This is an opportunity for a young Black or Latino entrepreneur or engineer to break from the herd mentality and not wait for permission from the Jesse Jackson posse on whether or not it should be done. One would think that the old heads from the civil rights movement would have the capital or access to capital that would assist outside-the-box minority entrepreneurs in getting capital, but since these leaders have not demonstrated that they even understand the emerging business models in communications, this may be a closed avenue.

In the end, the minority entrepreneur should be prepared to abandon the collective mindset that has communities of color thinking only about the next smartphone and form new, smaller, leaner, profit seeking collectives that generate ideas of value and use these ideas to create their own data and media companies.

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Today’s data markets require data that brings value

Today’s data markets require that there be valuable data to trade but the Federal Communications Commission doesn’t quite see it that way.  Last week the Commission voted to accept a report that concludes that 17% of the American population or approximately 55 million people, do not have access to advanced broadband.  The Commission’s determination is based on new speed standards based on the speeds that approximately 70% of broadband customers are purchasing today.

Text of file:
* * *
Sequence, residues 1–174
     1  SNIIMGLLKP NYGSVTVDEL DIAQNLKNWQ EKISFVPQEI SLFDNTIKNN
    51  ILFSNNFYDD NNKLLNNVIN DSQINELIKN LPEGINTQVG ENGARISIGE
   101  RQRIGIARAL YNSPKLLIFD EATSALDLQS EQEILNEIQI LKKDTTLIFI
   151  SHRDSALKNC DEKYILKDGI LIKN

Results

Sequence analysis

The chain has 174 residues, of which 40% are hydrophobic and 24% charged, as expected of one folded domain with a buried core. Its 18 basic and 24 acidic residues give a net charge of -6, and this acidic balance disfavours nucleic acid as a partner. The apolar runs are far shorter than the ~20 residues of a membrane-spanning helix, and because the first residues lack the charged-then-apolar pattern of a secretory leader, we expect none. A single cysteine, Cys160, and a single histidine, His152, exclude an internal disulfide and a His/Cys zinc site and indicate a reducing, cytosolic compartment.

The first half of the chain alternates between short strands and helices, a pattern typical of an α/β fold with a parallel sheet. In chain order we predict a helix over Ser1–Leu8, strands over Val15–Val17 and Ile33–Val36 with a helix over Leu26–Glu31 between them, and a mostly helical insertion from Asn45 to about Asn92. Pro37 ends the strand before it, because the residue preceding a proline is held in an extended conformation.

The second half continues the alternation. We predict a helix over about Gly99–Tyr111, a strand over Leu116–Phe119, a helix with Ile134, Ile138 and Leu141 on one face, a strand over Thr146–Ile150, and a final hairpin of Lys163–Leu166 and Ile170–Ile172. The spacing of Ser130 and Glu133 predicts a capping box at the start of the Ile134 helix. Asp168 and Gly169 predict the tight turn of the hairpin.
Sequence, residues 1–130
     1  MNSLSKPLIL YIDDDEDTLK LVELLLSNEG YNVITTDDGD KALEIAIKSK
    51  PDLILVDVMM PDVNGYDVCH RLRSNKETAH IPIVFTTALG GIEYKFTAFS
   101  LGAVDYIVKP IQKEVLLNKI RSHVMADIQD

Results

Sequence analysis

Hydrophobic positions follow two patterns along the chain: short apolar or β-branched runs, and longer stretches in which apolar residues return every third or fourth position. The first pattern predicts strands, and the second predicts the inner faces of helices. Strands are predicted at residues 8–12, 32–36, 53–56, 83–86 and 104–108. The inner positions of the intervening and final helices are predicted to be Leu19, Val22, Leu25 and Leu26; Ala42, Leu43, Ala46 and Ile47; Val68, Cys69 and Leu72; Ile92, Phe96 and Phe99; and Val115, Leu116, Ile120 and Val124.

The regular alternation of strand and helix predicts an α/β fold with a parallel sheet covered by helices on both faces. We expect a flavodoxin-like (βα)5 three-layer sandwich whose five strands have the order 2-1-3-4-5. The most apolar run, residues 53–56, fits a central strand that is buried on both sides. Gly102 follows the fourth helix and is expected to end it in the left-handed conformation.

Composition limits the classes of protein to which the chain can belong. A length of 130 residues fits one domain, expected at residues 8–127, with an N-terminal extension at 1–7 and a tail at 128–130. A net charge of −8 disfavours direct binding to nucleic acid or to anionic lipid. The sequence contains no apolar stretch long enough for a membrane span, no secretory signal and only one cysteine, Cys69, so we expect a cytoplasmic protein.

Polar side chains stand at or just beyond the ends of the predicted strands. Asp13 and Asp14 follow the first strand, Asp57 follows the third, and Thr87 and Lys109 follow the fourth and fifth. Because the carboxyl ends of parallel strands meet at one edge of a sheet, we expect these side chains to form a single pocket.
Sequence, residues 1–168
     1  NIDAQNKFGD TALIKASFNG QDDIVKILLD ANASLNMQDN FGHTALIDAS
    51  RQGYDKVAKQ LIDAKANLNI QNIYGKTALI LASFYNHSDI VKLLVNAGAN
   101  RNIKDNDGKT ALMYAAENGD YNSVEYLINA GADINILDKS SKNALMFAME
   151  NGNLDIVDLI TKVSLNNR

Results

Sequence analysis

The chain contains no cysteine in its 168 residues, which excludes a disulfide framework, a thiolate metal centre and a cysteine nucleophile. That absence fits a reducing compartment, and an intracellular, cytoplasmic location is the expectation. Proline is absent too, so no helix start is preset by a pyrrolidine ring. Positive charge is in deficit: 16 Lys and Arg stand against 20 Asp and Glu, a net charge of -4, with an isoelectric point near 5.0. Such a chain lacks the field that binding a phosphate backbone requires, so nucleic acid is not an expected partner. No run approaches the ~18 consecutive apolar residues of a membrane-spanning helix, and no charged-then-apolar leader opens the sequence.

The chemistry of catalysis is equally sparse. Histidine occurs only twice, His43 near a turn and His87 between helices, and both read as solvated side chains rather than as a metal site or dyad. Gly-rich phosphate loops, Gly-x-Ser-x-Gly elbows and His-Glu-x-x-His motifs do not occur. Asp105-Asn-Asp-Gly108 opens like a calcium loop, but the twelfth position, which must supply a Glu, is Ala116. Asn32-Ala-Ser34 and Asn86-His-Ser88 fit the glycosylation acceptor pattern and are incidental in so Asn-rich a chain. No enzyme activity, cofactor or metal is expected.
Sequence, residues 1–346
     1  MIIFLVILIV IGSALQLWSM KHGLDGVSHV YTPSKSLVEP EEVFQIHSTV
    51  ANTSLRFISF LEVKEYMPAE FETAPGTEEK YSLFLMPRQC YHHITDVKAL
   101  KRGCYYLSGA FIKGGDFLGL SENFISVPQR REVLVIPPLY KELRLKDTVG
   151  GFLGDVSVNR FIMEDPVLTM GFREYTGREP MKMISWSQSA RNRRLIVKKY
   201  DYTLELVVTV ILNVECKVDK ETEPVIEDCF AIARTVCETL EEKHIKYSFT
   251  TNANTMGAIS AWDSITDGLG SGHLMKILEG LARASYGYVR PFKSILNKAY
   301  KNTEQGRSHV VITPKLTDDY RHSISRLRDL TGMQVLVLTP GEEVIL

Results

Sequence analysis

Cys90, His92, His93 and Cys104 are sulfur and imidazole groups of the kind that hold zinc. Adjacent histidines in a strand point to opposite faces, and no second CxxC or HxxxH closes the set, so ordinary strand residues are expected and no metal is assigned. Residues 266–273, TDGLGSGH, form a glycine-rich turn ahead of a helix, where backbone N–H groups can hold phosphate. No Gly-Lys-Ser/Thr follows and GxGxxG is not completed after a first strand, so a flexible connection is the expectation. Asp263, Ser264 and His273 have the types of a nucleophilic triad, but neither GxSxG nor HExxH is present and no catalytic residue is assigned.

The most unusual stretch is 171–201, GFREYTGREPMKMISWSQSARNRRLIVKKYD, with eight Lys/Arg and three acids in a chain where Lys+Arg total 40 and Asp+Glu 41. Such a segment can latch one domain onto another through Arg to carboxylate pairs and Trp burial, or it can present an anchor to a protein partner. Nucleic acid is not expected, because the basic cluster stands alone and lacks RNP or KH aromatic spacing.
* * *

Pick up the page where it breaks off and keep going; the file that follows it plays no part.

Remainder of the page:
From my view of the world here in Atlanta I can’t say that the Commission has much of a case when it argues that there is no choice among competing broadband providers even when you take income into account.  Here in the West End where median income in the 30310 area code is approximately $24,606, we have seven wireline and wireless providers of internet access.  They are Comcast (100 Mbps to 1 Gbps); AT&T (10 Mbps to 25 Mbps); Verizon (10 Mbps to 25 Mbps); T-Mobile (10 Mbps to 25 Mbps); Platinum Equity (6 Mbps to 10 Mbps); Sprint Nextel (6 Mbps to 10 Mbps); and MetroPCS (768 kbps to 1.5 Mbps).

The 30331 area code has a median income of $36,349 and the same choices in internet access carriers, with the only difference being the decrease in speed provided by Platinum Equity (3Mbps to 6 Mbps).

Our more affluent neoghbors to the north in Buckhead enjoy median incomes of $65,642.  Sprint is not available as a service choice for the residents of Buckhead, but no worries.  Platinum Equity provides service speeds of 25 Mbps to 50 Mbps while Level 3 provides 1 Gbps speeds.

You can see these speeds yourself using a nifty broadband-by-zip code calculator provided by the National Broadband Plan Map.